The free market and the Paris Accord
October 11, 2017 by Denis Pombriant
We’ve said before that the issue of climate change and what to do about it is transferring from the public sector to the private sector. We take a dim view of the Trump administration’s recent formalization of the decision to deconstruct the Clean Power Plan for instance. Obviously, government policies can still impact how climate policies roll out but increasingly, the free market with its focus on profits, is viewing climate change and its abatement as a solid profit-making opportunity. It also doesn’t hurt that more people are realizing that fossil fuels are running out and we need a plan B.
The latest evidence away from powerful government interests and toward the free market could be seen at the recent opening of the General Session of the United Nations as governors from around the US met with foreign leaders with a single message, “We’re still in this thing,” regardless of the federal government’s position on the Paris Climate Accord.
At least 13 governors have come together as the United States Climate Alliance to deliver their message to world leaders including Gov. Jerry Brown of California whose state has the seventh largest economy in the world if it were ranked as a country. Each state has full authority to develop its economy as it sees fit and developing their states’ economies to profit from taking action against climate change is well within their purviews.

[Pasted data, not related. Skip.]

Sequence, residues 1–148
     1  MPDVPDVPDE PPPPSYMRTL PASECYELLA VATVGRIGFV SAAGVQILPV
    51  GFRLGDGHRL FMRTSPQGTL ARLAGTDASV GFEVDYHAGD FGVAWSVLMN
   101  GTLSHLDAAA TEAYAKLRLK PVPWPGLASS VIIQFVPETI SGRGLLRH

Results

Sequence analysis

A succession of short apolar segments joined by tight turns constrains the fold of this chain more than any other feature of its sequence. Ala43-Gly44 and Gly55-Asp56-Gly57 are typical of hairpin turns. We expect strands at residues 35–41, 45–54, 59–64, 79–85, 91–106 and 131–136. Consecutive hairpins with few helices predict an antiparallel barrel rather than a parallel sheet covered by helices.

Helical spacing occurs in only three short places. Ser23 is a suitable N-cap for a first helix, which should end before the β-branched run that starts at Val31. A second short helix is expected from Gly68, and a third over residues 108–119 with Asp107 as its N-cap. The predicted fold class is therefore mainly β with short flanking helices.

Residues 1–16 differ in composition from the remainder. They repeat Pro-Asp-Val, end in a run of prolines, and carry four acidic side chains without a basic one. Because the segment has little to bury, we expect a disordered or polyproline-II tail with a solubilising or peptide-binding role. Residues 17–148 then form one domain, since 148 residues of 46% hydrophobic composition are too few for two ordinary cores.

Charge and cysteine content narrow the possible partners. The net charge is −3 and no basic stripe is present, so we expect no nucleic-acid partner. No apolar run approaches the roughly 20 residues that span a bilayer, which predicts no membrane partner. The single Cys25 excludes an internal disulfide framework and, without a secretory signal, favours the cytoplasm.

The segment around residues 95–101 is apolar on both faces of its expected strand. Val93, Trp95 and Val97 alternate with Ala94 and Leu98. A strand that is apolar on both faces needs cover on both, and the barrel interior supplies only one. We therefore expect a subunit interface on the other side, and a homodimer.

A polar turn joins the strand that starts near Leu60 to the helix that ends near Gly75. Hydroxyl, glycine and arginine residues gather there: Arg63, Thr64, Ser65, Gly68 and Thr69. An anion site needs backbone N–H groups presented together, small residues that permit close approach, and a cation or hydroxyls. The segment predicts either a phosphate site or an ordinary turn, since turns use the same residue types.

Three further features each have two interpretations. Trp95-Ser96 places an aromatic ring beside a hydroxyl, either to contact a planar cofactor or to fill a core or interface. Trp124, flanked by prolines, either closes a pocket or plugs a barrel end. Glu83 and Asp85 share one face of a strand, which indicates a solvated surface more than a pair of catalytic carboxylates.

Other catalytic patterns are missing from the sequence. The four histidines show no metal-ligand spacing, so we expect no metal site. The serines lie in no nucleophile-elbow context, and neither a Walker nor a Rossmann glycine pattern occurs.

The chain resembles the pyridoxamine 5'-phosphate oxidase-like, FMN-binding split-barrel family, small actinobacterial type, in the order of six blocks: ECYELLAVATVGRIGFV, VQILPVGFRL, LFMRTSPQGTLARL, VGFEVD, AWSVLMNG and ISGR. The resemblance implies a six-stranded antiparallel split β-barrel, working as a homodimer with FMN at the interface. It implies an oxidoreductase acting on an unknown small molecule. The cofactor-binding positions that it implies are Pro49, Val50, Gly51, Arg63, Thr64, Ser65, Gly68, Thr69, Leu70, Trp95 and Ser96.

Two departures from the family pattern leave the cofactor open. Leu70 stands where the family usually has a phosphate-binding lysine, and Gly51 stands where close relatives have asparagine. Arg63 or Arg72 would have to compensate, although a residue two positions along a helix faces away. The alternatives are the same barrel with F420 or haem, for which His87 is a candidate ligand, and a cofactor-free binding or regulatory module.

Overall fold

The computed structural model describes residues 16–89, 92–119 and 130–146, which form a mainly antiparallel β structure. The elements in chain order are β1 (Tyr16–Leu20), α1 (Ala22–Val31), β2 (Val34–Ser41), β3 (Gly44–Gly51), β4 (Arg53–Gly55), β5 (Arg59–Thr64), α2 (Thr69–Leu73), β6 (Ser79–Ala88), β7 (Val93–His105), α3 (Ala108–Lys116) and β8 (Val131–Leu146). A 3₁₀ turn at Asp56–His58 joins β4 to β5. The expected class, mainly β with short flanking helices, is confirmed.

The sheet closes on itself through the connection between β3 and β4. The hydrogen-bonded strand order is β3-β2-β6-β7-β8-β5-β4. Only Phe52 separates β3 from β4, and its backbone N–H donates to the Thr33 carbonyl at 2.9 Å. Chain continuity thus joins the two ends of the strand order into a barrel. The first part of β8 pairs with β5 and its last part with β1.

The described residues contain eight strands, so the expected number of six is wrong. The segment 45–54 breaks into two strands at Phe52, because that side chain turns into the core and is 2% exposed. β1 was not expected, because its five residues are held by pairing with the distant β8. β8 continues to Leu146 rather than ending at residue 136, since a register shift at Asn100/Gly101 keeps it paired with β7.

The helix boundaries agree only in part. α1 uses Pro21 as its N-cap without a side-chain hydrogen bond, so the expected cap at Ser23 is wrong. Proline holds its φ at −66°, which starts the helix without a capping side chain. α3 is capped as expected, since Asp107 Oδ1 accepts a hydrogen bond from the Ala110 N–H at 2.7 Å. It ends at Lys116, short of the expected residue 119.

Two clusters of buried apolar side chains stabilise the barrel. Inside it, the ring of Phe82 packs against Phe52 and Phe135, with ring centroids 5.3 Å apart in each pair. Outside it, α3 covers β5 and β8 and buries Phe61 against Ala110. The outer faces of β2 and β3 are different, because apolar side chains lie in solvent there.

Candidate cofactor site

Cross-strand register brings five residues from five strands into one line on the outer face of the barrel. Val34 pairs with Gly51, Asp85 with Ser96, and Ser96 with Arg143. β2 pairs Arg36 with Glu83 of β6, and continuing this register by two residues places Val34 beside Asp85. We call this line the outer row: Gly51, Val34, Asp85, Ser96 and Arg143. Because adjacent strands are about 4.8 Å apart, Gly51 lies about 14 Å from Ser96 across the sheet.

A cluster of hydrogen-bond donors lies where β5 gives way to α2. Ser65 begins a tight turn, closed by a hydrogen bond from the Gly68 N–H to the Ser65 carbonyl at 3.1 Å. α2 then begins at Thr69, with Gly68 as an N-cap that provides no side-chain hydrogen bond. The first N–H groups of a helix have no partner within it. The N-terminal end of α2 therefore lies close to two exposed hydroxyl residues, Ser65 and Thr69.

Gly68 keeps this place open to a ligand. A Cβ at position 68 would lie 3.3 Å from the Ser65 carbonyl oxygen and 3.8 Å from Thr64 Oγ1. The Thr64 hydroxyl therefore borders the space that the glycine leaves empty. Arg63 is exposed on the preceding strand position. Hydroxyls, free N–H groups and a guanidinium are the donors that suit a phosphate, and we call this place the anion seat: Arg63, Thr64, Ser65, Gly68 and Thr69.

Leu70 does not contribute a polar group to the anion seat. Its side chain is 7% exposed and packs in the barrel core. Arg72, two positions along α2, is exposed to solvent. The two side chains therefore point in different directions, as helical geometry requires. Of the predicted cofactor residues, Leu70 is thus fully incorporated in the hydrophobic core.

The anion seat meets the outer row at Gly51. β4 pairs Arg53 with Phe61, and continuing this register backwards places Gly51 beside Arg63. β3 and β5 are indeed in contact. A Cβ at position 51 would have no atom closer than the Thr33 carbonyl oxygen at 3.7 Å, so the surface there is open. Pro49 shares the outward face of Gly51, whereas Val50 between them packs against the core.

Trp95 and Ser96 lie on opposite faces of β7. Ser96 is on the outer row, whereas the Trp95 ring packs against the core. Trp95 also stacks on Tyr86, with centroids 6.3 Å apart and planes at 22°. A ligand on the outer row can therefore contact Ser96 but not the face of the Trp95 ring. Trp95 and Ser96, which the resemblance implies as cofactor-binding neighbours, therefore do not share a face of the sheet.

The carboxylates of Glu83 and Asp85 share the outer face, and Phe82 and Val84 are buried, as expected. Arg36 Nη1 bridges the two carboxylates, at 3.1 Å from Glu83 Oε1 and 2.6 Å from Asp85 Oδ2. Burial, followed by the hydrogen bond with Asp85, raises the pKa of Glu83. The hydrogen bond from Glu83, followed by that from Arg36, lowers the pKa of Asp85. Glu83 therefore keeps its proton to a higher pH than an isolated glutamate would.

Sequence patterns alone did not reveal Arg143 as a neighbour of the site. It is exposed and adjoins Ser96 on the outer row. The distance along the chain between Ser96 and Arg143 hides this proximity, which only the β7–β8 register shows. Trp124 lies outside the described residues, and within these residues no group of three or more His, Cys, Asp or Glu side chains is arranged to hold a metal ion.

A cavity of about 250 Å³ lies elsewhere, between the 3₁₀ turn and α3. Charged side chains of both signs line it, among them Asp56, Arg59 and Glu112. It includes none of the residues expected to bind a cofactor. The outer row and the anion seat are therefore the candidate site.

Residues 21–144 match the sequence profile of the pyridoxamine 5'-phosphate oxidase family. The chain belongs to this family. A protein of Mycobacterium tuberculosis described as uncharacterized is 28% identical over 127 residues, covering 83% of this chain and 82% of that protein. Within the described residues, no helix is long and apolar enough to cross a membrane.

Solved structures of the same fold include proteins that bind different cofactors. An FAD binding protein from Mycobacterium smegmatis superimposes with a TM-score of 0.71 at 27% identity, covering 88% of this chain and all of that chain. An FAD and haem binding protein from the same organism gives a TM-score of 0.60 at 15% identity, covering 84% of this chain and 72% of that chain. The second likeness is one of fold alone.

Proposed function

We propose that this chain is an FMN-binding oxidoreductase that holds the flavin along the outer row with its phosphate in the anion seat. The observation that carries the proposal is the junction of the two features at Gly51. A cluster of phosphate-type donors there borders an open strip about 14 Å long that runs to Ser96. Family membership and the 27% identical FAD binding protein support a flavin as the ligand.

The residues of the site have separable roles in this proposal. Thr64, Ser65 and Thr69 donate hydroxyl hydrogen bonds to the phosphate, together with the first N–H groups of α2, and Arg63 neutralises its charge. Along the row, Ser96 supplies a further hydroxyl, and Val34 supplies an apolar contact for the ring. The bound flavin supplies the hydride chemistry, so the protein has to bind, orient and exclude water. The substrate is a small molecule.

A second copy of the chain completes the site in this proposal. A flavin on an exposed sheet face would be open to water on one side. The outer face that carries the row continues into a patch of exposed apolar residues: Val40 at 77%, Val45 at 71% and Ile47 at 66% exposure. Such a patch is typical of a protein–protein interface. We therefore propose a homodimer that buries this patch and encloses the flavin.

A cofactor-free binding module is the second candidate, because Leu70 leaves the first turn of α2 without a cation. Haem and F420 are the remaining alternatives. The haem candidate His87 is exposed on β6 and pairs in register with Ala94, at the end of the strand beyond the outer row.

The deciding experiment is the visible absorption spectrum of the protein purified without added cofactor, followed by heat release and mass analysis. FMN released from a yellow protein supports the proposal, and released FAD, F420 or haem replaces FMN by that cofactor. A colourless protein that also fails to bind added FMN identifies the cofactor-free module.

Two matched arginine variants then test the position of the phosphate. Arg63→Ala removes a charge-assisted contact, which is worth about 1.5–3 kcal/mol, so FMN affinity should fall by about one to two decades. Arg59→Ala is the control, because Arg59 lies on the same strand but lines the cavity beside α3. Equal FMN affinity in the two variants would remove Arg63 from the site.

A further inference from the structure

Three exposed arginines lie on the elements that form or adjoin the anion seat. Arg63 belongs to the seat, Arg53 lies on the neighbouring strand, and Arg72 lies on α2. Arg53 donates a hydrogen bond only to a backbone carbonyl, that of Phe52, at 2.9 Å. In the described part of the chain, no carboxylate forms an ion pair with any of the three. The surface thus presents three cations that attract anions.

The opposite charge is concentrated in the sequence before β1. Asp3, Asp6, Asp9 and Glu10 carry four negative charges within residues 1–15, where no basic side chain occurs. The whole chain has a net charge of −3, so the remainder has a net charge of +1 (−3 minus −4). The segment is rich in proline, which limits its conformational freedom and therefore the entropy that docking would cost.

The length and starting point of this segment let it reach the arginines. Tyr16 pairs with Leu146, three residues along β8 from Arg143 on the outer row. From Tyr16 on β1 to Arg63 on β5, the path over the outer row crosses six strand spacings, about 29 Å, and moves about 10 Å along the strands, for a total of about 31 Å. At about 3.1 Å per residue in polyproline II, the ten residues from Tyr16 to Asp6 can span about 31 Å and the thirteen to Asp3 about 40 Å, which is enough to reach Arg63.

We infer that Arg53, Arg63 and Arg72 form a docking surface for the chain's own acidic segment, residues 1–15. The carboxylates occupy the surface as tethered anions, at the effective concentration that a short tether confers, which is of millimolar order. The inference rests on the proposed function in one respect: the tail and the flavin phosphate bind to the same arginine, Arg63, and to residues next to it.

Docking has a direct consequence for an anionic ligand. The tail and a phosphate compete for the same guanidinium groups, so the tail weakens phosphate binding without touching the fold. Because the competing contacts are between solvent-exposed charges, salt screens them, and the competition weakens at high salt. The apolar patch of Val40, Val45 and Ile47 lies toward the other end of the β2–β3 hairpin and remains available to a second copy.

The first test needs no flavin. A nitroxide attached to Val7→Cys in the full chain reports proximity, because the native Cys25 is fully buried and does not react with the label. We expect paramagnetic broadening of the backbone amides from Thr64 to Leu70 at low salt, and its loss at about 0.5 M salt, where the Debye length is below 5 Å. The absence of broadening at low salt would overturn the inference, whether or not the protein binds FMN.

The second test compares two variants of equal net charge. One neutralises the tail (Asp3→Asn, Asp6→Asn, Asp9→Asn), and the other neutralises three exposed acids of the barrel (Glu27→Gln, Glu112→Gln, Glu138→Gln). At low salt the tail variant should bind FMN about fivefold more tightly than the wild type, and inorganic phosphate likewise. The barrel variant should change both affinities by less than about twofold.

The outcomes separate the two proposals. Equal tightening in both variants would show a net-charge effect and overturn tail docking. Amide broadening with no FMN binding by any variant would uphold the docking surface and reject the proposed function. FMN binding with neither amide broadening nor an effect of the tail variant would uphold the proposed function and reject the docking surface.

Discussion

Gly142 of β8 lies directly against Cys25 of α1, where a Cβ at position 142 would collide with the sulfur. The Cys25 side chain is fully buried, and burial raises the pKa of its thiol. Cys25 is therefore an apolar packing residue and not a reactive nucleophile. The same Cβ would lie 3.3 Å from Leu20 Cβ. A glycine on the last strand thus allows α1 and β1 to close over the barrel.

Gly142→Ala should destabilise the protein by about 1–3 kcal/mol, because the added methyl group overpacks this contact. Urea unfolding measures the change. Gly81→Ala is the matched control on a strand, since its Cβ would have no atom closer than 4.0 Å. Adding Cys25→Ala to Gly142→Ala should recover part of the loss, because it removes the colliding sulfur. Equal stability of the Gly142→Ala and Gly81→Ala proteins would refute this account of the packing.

Nonetheless there’s still too much talk about emissions, even if the discussion is about lowering them, to do an optimal amount of good. There is already too much carbon in the air and water and slowing its accumulation, which is what limiting emissions effectively does, is insufficient. We now need approaches to reducing what’s out there while getting to a zero emissions economy. Both these things are possible. In a recent New York Times editorial, “Using the E.P.A. to Prop Up Big Coal” the editorial board noted that multiple leaders of big electric utilities all had similar messages,
“We’re not going to build any more coal plants; that’s not going to happen,” Chris Beam, head of Appalachian Power, West Virginia’s largest utility, bluntly told the state last April, despite President Trump’s phantasmagorical campaign promise to resurrect lost jobs for coal miners. No less candid, Lynn Good, the head of Duke Energy, America’s largest utility, defended the closing of 12 coal plants across five years, with more to come, in order to cut the company’s coal-fired energy output by a third: “Our strategy will continue to be to drive carbon out of our business.”
That’s the holy grail but more needs to be done including increasing the amount of photosynthesis occurring on the planet to reabsorb carbon dioxide and increasing our reliance on electricity with the concomitant re-engineering of the electric grid. But long story short all of this is underway prompted by state governors.